Ohio Secretary of State Frank LaRose. (Photo by Graham Stokes for Ohio Capital Journal. Republish photo only with original story.)
There was another call on Wednesday for Ohio Secretary of State Frank LaRose to provide documents explaining his decision to move his state offices into the same building as he registered his campaign for U.S. Senate.
LaRose, a Republican, has claimed he’s running a “lean and mean” campaign for Senate and doesn’t have a fixed headquarters. But he refused to answer last week when asked whether he was engaged in campaign activities in the same building the secretary of state’s offices are moving into — something he appears already to have done on at least one occasion.
For LaRose to administer next year’s Senate election in the same building he campaigns out of would raise serious ethical questions, experts have said. For one, LaRose and his staff would be strongly tempted to use taxpayer resources meant to run a fair election to instead try to win that election, they said.
Among others, Ohio Democrats have been pushing for answers.
Late last month, 13 Democratic lawmakers sent LaRose a letter demanding information about the move, which could be complete as early as next month.
Then on Wednesday, the state Democratic Party organized a press conference in front of the offices the secretary of state has occupied for the past two decades. It featured three Ohioans who have submitted open-records requests to the state Department of Administrative Services — which handles state leases.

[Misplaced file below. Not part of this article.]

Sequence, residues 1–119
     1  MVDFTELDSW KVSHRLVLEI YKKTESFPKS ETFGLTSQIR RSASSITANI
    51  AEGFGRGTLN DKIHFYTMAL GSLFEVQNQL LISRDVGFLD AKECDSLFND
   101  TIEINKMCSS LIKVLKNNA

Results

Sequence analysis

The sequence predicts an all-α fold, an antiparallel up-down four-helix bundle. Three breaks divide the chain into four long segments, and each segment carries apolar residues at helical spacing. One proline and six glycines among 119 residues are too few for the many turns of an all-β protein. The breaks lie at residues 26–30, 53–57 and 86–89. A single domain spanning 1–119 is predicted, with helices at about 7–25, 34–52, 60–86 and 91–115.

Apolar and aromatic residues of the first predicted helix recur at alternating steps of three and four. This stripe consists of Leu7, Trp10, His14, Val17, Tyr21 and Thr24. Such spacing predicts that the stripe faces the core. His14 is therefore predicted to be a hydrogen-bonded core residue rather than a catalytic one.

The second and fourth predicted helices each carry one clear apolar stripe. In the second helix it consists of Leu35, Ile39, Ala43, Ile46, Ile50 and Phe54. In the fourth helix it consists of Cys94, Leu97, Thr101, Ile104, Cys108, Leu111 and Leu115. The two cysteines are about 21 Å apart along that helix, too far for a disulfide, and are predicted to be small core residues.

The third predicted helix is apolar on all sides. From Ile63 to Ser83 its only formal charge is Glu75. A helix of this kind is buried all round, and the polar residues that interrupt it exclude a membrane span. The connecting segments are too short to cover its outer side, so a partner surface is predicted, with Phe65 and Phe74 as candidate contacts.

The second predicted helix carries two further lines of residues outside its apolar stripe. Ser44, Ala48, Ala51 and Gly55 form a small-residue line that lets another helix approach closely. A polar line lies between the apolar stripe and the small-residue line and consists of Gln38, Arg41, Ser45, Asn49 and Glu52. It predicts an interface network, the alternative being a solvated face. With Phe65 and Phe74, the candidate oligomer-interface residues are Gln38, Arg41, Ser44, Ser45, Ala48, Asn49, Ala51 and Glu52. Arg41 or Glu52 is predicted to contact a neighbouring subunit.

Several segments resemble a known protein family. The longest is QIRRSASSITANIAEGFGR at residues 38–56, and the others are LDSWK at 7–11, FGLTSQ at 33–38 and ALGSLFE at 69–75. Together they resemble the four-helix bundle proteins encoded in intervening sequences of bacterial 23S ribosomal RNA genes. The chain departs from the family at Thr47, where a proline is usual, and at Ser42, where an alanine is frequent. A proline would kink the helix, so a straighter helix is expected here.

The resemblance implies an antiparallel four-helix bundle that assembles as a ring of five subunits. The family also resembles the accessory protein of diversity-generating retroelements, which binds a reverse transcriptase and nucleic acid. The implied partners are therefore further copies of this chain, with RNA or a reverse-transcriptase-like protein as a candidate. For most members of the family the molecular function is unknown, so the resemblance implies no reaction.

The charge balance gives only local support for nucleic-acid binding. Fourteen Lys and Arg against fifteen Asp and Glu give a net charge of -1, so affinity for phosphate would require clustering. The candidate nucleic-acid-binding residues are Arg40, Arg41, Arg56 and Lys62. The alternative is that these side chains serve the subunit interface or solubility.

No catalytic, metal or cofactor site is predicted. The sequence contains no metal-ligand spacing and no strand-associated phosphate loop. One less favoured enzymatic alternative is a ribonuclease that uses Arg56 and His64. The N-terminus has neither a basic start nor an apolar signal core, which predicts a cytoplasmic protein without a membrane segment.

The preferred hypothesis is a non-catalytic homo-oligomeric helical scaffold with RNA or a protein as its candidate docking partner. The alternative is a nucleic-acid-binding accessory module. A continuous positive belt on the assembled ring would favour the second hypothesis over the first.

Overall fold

NBC4 in September reported on LaRose’s plans to move the taxpayer-funded offices from 22 N. 4th St. to 200 Civic Center Drive. The latter address also happened to be the address at which he registered his Senate campaign with the Federal Election Commission on July 17.
Since then, LaRose has answered few questions about the move, other than to tell a friendly interviewer that it would save taxpayers money and that it’s a “silly non-story.” However, the claim that the move is a money saver for taxpayers is questionable.
Rent in the new offices at 200 Civic Center Drive is $11,000 a year less than at the ones the secretary of state is leaving. But the move itself will cost $600,000, meaning that the rental savings won’t pay for the move for 54 years.
“LaRose refuses to be transparent with us,” said Armando Telles, one of those speaking at Wednesday’s press conference.
He, Kathryn Seewer and Alfred Navarro submitted identical open-records requests to the Department of Administrative Services asking for all communications between the secretary of state’s office and DAS about the move since the start of last year.
LaRose requested and received a waiver from the state’s competitive-procurement requirements to enter into the new lease. In their records requests, the three want documents relating to any analyses DAS might have done of the relocation and documents about any other locations that were considered.
In addition, LaRose has cited the parking garage that’s adjacent to the building his offices are moving to as a reason for making the change. The requesters want any DAS documents relating to the secretary of state’s current lease and parking near that location.
Telles, one of the information requestors, said it needs to be released so the public can know whether LaRose’s effort to move the state office he runs is on the level.
“This is a conflict of interest at the expense of Ohioans,” Telles said.
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